3rd 01SJ Biennial September 2010

A global festival of art on the edge

San Jose Mercury News: How to capitalize on San Jose’s considerable charms

It’s quite a show to watch San Jose’s downtown buzz with life – that thrill of finding something new each time you visit. In recent years, business have spring up sans generous subsides, and nearly a dozen residential towers are planned. The time is right to think as big about the rest of the city. Here are three thoughts to energize the discussion:

Promote the waterlink.

Cities built along waterways are more resilient and feel more connected to the wider world. San Jose is not Chicago Dublin, but its potentially charming Alviso district does lie at the southern tip of the bay.

For me, Alviso always has been a secret spot to watch the sunset from a neighborhood lost in time, blessed with rusting boats, a half-sunk abandoned ghost town and a peaceful silence rare in other parts of Silicon Valley. This is worth sharing and preserving.

Alviso deserves reinvestment to make it a more coherent neighborhood. More local services and improved access from First Street light rail would make it a better place to live and more enticing to explore. Proud locals rightly want to preserve its rich history, but that shouldn’t prevent light development in sync with the landscape, such as a cafe overlooking the bay.

Integrate Sanata Row with adjacent neighborhoods.

While many of American’s faddish lifestyle centers seem to be just urban facades, Santana Row conjures up a fairly strong city feel. Even the most ardent downtown fan cannot deny that it has been a resounding hit. Like a neighborhood’s first coffeehouse – think Starbucks at Park and Naglee – Santana Row has on a larger scale acted as a town square and shown residents and visitors alike that San Jose sports its own cool jet set.

We should capitalize on this success by enhancing the mall’s connection to the downtown core. There are two obvious ways to do this.

First, drive infill developments on West San Carlos with denser and taller mixed-use residential and retail, similar to The Alameda neighborhood. These neighborhoods, near downtown, are meant to be urban. West San Carlos could become an impressive West End gateway to the urban center.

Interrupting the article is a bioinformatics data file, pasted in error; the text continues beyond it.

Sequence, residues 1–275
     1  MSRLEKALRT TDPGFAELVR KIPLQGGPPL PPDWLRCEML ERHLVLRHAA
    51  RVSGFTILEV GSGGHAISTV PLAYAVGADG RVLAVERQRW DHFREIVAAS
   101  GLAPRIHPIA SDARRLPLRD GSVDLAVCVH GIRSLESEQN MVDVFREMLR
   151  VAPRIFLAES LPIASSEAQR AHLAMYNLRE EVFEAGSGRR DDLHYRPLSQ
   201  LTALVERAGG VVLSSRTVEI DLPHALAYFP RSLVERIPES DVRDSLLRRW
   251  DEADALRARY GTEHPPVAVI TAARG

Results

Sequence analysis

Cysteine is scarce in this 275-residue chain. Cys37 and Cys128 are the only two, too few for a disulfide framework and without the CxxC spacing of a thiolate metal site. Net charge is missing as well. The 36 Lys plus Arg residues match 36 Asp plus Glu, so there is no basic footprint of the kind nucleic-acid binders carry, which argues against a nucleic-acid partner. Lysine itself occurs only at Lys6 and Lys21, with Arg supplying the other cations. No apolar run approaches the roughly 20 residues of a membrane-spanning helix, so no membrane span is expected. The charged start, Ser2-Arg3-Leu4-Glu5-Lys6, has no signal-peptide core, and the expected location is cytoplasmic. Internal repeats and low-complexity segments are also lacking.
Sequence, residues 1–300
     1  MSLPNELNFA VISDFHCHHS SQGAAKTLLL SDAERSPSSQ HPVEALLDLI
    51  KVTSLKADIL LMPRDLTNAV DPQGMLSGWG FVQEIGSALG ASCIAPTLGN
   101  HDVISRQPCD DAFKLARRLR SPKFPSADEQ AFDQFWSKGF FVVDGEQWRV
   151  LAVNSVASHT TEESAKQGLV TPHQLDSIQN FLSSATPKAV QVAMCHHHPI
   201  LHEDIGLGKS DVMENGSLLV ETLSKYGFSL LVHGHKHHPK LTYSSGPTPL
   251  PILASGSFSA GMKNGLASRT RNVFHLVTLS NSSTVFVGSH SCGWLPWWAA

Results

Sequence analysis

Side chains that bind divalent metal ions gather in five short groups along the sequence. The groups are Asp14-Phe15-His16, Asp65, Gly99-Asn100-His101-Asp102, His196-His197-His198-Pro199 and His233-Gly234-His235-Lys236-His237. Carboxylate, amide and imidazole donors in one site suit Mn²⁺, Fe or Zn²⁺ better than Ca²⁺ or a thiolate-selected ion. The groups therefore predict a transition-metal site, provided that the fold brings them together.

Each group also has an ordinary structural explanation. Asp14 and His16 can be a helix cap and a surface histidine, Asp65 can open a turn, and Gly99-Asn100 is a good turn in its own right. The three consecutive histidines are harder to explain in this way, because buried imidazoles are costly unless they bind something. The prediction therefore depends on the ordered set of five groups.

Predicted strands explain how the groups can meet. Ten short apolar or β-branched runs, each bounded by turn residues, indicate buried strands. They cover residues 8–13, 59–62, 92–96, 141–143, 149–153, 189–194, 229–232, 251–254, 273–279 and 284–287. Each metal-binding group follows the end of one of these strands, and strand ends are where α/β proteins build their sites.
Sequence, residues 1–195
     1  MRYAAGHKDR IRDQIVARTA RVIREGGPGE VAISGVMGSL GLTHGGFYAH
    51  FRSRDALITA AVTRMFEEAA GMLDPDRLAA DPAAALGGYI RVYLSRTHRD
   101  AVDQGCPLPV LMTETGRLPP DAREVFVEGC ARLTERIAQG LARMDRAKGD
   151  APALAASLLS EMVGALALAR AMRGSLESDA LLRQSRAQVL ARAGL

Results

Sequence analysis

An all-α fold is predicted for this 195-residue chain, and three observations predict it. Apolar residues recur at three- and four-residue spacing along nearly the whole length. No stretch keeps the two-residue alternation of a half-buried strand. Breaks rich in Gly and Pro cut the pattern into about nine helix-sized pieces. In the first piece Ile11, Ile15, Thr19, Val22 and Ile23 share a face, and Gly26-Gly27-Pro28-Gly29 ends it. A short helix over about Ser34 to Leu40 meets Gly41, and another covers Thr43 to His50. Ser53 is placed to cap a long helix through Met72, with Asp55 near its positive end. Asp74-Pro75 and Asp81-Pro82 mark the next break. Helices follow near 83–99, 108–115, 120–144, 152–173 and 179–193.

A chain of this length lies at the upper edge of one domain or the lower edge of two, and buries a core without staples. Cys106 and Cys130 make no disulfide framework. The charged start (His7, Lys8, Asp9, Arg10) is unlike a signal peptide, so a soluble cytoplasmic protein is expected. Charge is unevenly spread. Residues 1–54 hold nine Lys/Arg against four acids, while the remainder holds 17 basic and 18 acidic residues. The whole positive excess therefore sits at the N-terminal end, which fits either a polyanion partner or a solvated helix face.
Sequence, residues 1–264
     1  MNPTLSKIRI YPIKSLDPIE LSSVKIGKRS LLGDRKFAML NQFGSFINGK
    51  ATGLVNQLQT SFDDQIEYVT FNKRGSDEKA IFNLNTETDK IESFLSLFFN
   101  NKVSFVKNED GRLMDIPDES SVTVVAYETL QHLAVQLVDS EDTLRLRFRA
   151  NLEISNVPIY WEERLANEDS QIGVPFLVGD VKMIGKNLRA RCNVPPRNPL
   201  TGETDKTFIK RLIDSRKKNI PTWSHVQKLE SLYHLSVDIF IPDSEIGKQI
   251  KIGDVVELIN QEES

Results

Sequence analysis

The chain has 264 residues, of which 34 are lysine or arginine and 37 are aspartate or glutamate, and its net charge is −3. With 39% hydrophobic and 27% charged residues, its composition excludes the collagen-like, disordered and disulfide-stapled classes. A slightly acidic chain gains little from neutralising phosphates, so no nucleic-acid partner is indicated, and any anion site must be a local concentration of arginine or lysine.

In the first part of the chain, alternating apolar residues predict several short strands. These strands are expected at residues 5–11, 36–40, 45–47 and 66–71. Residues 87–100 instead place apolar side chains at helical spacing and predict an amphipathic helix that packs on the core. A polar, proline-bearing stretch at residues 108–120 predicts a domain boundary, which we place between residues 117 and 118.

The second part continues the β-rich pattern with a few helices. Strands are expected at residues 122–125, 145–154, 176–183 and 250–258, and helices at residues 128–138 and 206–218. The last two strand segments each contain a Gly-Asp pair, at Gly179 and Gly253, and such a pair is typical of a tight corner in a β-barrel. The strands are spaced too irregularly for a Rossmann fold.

Second, and more long-range, the city should consider building light rail along San Carlos Street from downtown. These combined efforts will expand what people think of as the city center. Ironically, given the early oppositions to Santana Row, it could work for the downtown core rather than against it.

Better leverage our high-tech edge.

This is a founding purpose of the grass-roots organization 1stACT, which is trying to combine arts and technology to give Silicon Valley a sense of place. It deserves increased support. It’s outrageous that visitor have to search for Silicon Valley in a rented car driving though North San Jose or Cupertino. The Tech Museum, Adobe’s experiemental Semaphore and the ZeroOne Art Festival are pioneering starts, but San Jose should shout innovation from the second visitors step into the airport.

One techie Web site was understandably shocked at the absence of “geek” hotels in our city. What about a weekly gadget market like Tokyo’s Akihabara electronic district? Finally, are media, politicians and civic leaders should play a more active role in positioning San Jose as a world-class city reminding us of our local color.

“South Bay” is out; “San Jose metropolitan area” is in. Live shots of the San Francisco Bay Bridge on television news are out; city-focused newspaper columns are in. San Jose’s master plan is being updated at an opportune time. Civic leaders are cautious but have not lost their appetites for bold moves. Let’s explore steps that will boost the city’s overall charm as well as the livability of its neighborhoods.

TODD HORVITZ (todd_05130@yahoo.com) writes about neighborhood and redevelopment issues and works in financial services. He wrote this article for the Mercury News.